Heat: Most (but not all) of the garden seeds that people would typically be growing germinate much better (faster, more reliably, better germination rate) with soil temperatures above 72. There is a sticky in this section with a chart of germination temps. The seed packet will usually tell you what temp the particular plant needs for germination. For plants that need warm soil, you need to have a way to provide that. They sell special plant heat mats, but regular pharmacy heating pads sold for people work just fine as long as they don't have automatic timed cut off. Or some people have had good results keeping them on top of refrigerator (but that is usually a dark spot, so you would need to watch carefully and move them to the lights as soon as sprouted) or using incandescent light bulb under the shelf they are on to provide heat, etc.

Moisture: This is probably the trickiest part, kills most seedlings. Baby seedlings have very little root system, so cannot be allowed to dry out or they die. However they are also very sensitive to being too wet. There is a fungal condition called damping off that young seedlings are prone to in conditions of low air circulation and too much moisture/ humidity. The stem starts kind of rotting just above soil level, gets a little bit pinched in and the seedling keels over, ends up lying flat on the soil. Once that happens, it is kaputt, all you can do is get rid of it. So you need to provide consistent barely damp, preferably with good air circulation. Easiest way to do that is by "bottom watering": having all your cells/ pots/ containers in trays. Then you just pour a little water into the bottom of the tray, just until it just touches the bottom of the pots, so the soil in the pot can wick it up. Probably add a little bit of water each day, but NOT if there is any water left from the previous day.

Containers: NOT peat pots. They are a menace. Hold too much moisture and stay too wet and then suddenly dry out and suck all the water away from the plant. And if you are bottom watering, they will get all moldy on the bottom. Use plastic. Can be the little cells and pots made for the purpose or it can be plastic yoghurt cups, drink cups, or whatever is handy as long as you put plenty of drainage holes in them. If you are using heat mats, it is typical to start plants in the little grow cells, so that you can crowd a lot of seeds onto one mat. If you do that, once they are well sprouted and have their first pair of true leaves they will need to be transplanted out into little pots.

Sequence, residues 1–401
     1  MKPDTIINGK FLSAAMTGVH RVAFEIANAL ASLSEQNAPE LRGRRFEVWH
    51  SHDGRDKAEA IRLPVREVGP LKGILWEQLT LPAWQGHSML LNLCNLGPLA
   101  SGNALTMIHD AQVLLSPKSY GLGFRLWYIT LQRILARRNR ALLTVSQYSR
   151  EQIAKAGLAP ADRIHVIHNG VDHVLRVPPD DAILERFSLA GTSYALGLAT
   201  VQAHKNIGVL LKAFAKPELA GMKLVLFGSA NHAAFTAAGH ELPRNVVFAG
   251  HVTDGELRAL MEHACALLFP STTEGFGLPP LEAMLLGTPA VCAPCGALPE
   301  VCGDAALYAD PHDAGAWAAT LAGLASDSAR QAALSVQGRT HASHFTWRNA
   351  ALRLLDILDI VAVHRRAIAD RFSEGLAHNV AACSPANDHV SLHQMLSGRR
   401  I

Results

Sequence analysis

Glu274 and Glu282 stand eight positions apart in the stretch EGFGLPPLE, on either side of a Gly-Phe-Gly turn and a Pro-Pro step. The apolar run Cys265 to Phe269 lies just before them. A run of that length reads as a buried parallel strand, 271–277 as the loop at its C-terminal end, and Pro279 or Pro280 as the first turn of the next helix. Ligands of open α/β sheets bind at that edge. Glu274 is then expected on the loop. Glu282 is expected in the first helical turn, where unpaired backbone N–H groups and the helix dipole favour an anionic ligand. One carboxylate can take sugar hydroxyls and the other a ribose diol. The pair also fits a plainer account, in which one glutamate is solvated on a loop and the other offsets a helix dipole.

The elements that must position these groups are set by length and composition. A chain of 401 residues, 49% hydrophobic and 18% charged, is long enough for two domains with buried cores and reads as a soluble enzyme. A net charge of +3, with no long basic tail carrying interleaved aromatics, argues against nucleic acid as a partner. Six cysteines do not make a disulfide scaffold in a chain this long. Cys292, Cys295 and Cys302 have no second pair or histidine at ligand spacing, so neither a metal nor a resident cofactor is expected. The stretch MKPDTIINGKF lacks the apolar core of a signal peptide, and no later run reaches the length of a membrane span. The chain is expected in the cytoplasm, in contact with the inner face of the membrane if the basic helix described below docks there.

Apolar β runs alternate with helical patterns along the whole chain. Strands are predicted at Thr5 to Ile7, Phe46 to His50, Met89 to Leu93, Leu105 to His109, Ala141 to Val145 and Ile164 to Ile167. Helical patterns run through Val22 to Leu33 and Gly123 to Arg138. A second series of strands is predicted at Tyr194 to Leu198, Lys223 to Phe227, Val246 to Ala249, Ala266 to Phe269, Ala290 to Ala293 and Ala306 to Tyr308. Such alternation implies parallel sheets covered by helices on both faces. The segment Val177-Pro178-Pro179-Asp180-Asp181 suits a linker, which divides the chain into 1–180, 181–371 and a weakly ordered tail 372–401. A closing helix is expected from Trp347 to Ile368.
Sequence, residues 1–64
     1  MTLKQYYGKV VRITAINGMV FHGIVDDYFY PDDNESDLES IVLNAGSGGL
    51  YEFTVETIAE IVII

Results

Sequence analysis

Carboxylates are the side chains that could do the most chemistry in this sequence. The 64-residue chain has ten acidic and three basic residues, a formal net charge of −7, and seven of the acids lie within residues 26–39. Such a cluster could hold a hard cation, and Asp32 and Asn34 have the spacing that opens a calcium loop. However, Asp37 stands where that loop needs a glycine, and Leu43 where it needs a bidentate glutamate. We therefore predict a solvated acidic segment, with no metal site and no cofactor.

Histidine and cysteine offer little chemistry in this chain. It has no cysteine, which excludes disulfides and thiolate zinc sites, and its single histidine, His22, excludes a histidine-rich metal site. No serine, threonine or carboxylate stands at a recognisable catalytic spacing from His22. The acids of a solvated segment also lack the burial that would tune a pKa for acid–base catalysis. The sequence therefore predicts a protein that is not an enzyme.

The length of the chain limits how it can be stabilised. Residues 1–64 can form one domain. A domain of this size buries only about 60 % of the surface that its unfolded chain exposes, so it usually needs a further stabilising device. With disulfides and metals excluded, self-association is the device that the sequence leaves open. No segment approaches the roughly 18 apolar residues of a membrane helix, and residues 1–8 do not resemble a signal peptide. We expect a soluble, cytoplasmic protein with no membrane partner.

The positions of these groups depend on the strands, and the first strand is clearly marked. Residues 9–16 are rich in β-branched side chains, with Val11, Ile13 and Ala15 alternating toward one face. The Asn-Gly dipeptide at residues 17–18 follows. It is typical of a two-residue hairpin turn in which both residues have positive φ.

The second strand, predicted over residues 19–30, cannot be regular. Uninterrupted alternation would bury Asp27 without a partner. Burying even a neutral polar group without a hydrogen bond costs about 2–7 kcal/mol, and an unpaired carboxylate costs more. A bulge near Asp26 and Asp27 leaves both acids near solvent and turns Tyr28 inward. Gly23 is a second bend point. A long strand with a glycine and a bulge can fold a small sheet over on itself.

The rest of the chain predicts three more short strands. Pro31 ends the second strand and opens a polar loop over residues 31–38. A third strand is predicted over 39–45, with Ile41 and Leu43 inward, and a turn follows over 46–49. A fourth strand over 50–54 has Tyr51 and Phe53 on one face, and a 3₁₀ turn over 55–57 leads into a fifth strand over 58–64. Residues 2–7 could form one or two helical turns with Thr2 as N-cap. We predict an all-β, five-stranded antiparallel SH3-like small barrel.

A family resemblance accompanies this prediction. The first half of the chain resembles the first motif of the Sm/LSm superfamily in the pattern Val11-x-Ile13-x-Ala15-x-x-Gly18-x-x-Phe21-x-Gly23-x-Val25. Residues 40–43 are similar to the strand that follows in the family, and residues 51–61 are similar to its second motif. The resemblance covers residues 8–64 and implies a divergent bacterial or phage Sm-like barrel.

AVOID the little seed starting kits sold with domes and peat pots, they are seedling killers! I don't use a dome at all, to easy to damp off your seedlings. If you do use a dome, remove it as soon as the seedlings are sprouted.

The main other thing you need to be aware of for seed starting is TIMING. If you start seeds too early, they will out grow your space before it is warm enough outside to put them out and you will end up with long spindly plants. If you start them too late, you will end up putting them out in the heat of summer. You need to be aware of the difference between cold weather crops, which are frost tolerant, like cool weather and tend to fizzle as soon as it gets hot and warm weather crops which die in frost and like hot sunny weather. Cool weather crops include peas, brassicas [broccoli, cabbage, cauliflower, etc], root crops like potatoes and carrots, and green leafies [lettuce, spinach, chard, kale, etc]. Warm season crops is pretty much everything else. Corn and beans are earliest of warm season, then tomatoes and peppers, and the cucurbits[squash, melons, cucumbers, etc], are the latest, need the soil really nice and toasty warm. So you want to have your seedlings ready to go out at the right time for the season they like.

At this site it will tell you when your average last frost date is:

https://www.almanac.com/content/frost-ch ... ted-states

The seed packet will tell you how many weeks ahead of that date to plant your seed. That will at least give you a good starting point until you have more experience with your own garden.

That's all the basics. With more experience, you will learn nuances, like grouping things together in trays that have similar requirements (especially for moisture vs drought tolerance), but this is enough to get you going.

Anyone else can chime in, with their experience/ tips.

Image